(Photo: Reuters / Lucas Jackson)
In a television interview that attracted more than 13 million viewers, Dominique Strauss-Kahn admitted that his sexual encounter with a maid in a New York City hotel room was a "grave moral mistake" but definitely not rape.
The former IMF chief's interview with TF1 on Sunday attracted the largest audience for a French news broadcast since 2005, according to Reuters, revealing how desirous the public was to know how Strauss-Kahn would handle himself upon returning to his home country.
"What happened involved neither violence nor constraint: no criminal act," Stauss-Kahn told the interviewer, describing his sexual encounter in May with Nafissatou Diallo as a "moral failing of which I am not proud."
He emphasized that police found "no scratches, no wounds, no sign of violence" on the Diallo's body.
Although Strauss-Kahn expressed "infinite" regret over the so-called consensual encounter with Diallo, the Sofitel hotel maid who accused the 62-year-old married man of sexually assaulting her, the Frenchman's presentation during the interview turned off much of the public, according to French media.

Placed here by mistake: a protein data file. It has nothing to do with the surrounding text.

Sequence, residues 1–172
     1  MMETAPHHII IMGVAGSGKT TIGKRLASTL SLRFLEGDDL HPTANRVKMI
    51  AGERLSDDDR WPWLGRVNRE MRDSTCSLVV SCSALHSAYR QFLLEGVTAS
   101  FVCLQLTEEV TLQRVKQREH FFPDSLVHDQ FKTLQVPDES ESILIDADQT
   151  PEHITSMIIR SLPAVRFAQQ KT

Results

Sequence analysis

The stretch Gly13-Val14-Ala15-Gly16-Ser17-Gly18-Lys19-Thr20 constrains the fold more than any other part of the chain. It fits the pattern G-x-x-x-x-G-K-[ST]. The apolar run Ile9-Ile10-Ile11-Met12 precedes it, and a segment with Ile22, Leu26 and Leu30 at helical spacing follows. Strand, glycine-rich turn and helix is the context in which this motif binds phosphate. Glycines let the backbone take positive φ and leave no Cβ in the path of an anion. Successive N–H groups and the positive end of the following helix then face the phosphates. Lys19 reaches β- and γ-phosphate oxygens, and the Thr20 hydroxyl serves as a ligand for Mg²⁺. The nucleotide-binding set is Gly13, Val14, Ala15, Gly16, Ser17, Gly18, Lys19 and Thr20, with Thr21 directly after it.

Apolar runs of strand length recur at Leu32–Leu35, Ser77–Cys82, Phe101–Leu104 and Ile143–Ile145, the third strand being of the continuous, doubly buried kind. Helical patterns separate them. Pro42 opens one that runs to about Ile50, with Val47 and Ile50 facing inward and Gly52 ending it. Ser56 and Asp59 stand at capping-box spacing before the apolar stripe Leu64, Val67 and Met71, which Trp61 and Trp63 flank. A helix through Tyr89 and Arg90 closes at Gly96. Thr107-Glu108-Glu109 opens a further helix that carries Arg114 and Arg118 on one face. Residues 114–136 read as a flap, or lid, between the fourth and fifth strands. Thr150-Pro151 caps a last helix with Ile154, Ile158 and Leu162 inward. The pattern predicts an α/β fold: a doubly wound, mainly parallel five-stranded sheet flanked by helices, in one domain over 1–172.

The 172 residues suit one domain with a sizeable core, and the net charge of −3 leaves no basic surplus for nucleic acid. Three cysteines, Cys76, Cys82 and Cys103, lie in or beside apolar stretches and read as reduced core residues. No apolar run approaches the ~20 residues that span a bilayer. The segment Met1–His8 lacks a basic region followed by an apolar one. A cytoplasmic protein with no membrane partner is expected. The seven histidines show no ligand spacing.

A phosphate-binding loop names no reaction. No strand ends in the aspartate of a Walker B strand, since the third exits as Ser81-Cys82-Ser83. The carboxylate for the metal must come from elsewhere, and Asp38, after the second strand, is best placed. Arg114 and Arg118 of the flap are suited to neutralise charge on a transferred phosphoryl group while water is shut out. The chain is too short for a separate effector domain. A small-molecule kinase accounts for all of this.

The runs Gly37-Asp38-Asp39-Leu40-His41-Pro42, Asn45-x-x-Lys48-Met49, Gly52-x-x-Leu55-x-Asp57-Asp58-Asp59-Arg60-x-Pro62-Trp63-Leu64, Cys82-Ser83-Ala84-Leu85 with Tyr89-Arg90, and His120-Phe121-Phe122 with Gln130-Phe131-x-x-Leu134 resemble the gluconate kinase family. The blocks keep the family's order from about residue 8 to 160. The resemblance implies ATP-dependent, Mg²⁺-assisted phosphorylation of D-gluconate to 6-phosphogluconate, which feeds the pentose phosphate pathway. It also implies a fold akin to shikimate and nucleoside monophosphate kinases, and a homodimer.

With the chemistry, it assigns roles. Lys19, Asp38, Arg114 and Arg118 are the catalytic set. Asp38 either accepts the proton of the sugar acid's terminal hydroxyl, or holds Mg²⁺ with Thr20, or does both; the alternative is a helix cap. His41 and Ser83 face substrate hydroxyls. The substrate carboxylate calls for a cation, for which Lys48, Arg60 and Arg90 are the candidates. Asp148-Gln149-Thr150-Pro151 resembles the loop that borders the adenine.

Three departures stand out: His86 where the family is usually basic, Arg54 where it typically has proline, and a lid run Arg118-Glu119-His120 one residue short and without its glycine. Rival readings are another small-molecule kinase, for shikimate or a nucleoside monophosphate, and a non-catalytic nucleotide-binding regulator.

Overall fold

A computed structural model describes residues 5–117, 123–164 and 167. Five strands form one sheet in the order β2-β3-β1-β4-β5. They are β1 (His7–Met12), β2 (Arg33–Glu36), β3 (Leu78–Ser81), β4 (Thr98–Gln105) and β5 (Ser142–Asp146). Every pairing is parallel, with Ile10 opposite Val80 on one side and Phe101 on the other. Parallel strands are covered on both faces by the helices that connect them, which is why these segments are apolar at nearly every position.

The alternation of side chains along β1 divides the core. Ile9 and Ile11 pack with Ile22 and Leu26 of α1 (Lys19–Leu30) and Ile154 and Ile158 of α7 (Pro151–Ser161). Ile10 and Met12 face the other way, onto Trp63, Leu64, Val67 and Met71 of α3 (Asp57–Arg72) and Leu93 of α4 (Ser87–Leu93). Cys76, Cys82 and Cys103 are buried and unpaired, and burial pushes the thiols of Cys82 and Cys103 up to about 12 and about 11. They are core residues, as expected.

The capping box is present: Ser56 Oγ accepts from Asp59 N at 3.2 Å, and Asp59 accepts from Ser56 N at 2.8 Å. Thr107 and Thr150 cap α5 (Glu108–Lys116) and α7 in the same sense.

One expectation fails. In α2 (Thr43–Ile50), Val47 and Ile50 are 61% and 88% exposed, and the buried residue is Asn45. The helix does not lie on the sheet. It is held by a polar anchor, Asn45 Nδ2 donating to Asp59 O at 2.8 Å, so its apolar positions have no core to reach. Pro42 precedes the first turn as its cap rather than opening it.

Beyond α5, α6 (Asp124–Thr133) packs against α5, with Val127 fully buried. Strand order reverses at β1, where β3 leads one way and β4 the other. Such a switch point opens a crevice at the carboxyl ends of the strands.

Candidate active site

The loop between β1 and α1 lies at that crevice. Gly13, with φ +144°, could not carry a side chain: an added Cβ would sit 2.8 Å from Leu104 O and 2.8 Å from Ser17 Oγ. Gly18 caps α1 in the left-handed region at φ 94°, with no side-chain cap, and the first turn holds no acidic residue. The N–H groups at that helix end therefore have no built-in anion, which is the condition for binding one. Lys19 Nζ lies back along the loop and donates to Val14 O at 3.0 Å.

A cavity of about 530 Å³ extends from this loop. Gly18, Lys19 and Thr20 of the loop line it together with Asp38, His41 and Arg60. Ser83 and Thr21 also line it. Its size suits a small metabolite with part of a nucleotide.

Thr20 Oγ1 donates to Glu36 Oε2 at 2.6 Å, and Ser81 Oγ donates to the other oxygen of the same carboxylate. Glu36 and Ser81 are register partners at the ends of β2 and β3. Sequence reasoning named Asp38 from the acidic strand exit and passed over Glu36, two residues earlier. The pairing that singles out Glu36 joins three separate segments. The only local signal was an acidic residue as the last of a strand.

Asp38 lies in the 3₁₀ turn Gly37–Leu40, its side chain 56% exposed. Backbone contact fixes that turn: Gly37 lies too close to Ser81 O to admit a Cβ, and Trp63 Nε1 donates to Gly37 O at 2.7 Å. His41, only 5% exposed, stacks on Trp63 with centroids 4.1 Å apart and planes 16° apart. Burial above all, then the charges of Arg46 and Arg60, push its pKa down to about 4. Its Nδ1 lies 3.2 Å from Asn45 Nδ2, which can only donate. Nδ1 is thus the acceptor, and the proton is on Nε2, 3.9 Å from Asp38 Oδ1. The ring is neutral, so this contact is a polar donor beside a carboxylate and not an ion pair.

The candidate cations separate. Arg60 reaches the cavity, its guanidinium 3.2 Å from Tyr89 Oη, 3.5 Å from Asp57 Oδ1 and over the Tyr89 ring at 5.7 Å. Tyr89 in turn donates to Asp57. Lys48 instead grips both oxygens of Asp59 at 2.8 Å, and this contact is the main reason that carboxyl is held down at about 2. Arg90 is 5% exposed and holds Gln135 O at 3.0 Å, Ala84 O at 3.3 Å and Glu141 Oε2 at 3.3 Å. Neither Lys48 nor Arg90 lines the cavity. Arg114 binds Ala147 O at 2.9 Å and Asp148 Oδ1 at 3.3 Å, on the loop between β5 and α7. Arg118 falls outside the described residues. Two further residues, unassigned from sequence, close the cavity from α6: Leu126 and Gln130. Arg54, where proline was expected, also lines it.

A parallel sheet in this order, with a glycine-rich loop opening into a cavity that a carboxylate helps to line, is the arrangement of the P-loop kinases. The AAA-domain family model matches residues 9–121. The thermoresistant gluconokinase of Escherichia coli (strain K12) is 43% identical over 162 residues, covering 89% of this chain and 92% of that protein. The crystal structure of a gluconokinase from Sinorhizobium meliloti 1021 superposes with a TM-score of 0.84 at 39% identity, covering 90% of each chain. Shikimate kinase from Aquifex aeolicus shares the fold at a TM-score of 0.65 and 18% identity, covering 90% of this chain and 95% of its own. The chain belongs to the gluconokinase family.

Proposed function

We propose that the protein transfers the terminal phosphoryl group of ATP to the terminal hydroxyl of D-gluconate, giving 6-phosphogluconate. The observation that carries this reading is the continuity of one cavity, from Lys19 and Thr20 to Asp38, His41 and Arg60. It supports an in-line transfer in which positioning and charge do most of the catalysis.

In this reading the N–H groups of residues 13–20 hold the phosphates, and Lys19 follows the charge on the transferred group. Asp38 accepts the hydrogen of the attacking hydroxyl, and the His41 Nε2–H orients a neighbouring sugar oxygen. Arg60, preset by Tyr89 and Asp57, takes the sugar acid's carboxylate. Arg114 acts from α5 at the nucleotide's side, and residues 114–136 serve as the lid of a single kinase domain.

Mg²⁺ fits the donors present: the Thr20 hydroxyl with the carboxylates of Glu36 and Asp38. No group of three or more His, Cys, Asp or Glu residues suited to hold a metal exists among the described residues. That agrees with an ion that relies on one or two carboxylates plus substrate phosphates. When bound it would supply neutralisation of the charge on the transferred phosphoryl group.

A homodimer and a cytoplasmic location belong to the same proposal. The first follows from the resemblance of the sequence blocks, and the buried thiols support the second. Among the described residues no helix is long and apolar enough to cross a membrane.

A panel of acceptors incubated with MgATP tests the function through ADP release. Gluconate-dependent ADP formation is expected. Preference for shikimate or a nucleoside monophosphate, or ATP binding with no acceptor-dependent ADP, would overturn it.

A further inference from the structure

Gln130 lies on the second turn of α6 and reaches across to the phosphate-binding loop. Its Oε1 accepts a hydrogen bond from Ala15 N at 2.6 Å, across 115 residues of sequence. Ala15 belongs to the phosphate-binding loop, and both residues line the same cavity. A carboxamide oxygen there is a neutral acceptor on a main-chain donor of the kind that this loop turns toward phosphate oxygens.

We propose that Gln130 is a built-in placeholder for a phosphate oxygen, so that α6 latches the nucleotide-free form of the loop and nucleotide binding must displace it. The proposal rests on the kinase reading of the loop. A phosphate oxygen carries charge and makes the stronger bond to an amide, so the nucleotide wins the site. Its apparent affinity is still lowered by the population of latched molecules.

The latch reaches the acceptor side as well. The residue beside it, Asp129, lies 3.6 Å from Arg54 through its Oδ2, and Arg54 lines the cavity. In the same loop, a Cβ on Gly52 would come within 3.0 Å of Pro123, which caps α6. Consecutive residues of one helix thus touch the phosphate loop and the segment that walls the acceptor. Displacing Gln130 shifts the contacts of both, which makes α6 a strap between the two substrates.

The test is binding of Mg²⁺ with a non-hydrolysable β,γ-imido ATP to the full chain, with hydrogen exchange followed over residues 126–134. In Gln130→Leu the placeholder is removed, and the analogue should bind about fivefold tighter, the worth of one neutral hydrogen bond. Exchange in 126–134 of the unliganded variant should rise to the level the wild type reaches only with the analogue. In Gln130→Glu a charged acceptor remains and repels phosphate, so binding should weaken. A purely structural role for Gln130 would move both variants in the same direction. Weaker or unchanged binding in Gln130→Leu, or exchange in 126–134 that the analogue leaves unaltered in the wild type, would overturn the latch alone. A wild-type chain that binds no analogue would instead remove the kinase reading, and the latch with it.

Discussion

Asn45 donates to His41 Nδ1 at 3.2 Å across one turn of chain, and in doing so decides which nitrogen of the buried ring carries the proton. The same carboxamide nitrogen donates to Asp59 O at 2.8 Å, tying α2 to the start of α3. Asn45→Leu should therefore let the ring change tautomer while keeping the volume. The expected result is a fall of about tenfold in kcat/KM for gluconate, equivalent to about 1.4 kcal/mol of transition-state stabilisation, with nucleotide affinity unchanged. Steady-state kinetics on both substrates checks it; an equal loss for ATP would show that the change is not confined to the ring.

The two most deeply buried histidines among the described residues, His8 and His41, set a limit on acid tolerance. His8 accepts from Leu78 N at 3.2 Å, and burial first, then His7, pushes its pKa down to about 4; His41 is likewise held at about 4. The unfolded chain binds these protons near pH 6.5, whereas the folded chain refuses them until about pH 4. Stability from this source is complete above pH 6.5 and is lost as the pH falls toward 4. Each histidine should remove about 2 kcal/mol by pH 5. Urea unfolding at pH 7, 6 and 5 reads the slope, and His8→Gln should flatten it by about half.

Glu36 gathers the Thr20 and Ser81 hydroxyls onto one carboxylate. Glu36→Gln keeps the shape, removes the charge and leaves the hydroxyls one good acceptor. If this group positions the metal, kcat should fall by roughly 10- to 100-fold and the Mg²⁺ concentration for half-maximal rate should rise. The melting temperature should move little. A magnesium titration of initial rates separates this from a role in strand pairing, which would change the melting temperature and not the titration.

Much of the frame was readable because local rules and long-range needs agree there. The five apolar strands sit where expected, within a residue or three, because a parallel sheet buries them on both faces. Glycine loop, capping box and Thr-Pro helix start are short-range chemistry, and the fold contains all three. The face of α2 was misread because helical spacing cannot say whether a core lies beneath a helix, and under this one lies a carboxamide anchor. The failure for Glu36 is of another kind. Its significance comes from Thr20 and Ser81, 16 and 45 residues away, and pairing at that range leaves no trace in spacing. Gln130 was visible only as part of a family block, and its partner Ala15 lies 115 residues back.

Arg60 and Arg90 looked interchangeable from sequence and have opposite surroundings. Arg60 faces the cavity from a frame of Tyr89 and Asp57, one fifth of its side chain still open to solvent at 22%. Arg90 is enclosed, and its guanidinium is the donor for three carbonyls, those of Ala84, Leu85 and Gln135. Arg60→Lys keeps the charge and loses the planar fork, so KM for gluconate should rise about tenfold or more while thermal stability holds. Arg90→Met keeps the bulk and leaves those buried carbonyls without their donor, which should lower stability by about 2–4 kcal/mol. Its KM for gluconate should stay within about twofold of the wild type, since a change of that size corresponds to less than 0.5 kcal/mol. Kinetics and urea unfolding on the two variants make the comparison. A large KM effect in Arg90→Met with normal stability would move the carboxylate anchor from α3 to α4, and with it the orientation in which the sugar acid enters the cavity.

Strauss-Kahn's manner in the TF1 interview was being called half-hearted, egotistical and insincere, according to media reports.
The former IMF chief, who had also been hoping to run for the French presidency in 2012, apparently disappointed viewers by suggesting that his encounter with Diallo, 32, was perhaps part of a trap set by his political adversaries.
Another woman, 31-year-old French writer Tristane Banon, has also accused Strauss-Kahn of attempted rape, which he called "imaginary" and "slanderous," according to CBS News.
The TF1 interview was the first instance in which Strauss-Kahn shared his side in the sex assault case that resulted in him resigning as IMF chief and giving up hope of a presidential campaign.
Prosecutors dropped their case against Strauss-Kahn after they began doubting Diallo's credibility.
Before the TF1 interview Sunday, Diallo's attorneys issued a statement, saying, "If Mr. Strauss-Kahn thinks that people in France will really believe that he was able to convince Ms. Diallo, who had never met him before and did not know that he was in the room, to engage in sexual acts with him within a matter of minutes, then he should describe how that happened."
Diallo's attorneys have filed a civil lawsuit.
In addition to the civil case in New York, Strauss-Kahn will also have to address allegations brought against him by Banon in the French courts.